In contending against advance directives for end-of-life care, Meilander argues that it's okay to be a burden to your family members when you're dying. That's the nature of human relationshipw: they're interconnected. We bear one another's burdens all the time. It's how we live as families and as Christians.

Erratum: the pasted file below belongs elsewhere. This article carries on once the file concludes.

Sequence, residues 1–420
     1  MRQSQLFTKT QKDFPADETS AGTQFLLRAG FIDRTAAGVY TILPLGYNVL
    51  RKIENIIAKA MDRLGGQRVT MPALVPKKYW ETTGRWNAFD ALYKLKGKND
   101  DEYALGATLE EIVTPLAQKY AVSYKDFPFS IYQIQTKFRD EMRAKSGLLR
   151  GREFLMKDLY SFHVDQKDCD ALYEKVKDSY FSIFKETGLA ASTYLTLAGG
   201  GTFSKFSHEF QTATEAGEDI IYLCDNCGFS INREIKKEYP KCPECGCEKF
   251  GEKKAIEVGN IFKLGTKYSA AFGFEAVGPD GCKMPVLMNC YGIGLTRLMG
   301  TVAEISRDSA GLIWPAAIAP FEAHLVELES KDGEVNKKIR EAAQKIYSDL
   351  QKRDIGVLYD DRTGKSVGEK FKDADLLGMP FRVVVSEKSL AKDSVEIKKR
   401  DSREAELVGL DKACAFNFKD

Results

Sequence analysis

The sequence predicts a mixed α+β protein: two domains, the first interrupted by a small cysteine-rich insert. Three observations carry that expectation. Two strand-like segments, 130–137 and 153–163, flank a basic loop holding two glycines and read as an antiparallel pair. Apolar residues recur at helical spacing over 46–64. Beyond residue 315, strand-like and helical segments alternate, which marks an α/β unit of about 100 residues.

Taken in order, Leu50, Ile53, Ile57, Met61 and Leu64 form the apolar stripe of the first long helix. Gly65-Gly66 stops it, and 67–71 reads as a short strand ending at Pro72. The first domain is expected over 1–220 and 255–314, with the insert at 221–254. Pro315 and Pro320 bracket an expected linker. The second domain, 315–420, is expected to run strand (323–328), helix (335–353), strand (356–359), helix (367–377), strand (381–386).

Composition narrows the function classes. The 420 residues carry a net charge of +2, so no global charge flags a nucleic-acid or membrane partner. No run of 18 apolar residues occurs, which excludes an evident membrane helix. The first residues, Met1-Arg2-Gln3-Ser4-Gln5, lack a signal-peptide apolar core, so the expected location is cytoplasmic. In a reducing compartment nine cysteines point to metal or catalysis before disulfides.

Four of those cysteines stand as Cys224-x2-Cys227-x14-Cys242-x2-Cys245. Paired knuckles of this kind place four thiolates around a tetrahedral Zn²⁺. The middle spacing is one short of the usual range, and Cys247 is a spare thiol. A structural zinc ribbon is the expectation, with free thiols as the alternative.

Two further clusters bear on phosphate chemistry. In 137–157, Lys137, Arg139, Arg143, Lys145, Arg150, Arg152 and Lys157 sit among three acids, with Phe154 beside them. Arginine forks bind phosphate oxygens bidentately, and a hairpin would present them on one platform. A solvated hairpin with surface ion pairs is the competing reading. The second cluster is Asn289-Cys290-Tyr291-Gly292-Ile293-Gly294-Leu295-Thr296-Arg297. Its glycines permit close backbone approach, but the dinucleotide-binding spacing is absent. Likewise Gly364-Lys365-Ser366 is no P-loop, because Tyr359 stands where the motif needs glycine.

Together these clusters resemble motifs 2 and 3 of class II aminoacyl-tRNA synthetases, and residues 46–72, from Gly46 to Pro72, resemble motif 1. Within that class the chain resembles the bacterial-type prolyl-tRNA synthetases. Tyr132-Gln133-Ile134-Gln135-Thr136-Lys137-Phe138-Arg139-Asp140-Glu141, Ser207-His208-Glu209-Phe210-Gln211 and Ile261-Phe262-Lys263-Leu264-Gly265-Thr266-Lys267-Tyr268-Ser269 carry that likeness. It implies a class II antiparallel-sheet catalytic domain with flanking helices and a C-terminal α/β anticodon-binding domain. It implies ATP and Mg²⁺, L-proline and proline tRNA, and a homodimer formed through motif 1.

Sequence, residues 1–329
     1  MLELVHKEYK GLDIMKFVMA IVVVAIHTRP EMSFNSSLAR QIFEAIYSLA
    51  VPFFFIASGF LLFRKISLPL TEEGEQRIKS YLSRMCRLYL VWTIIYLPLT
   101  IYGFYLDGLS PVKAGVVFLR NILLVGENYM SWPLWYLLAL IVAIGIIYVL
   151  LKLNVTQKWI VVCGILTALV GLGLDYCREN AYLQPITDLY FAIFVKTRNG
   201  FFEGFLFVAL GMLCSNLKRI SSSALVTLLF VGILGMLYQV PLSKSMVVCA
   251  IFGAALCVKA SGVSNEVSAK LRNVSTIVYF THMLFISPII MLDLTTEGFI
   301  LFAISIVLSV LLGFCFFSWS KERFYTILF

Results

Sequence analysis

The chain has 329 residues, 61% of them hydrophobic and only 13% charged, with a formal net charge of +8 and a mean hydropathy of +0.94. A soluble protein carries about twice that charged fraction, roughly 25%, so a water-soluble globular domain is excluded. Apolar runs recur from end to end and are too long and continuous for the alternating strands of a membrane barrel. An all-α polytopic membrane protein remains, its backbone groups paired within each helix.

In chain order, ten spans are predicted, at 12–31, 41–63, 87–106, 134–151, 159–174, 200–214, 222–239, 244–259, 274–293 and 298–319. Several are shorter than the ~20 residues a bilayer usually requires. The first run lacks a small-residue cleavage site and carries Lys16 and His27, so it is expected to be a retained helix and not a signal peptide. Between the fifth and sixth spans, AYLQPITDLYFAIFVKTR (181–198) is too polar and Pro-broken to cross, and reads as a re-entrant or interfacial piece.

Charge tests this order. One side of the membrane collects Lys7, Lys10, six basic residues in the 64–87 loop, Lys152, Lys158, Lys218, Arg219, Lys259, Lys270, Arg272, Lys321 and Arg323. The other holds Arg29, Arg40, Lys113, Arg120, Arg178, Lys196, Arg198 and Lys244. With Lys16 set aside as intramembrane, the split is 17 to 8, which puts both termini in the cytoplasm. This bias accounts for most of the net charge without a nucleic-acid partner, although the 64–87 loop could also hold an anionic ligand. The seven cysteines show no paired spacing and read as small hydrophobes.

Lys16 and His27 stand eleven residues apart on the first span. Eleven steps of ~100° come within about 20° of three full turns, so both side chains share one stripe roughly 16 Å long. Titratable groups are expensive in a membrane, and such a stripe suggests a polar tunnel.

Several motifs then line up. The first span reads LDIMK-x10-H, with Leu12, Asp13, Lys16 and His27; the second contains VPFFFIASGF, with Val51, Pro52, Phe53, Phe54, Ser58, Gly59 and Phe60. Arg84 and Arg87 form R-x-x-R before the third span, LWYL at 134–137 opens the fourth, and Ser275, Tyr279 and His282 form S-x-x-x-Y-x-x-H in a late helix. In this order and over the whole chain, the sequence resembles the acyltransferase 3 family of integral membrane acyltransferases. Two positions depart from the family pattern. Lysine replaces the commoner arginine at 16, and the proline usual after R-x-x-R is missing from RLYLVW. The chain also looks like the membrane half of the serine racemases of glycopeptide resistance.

At the end of the article, Meilander distinguishes between two questions. "What would he have wanted?" is futile. We can never know the answer. Asking that question is an unnecessary burden. Loved ones should rather ask, "What is best for him now?" or "What can we do to benefit the life he still has?" Answering those questions is a necessary and good burden.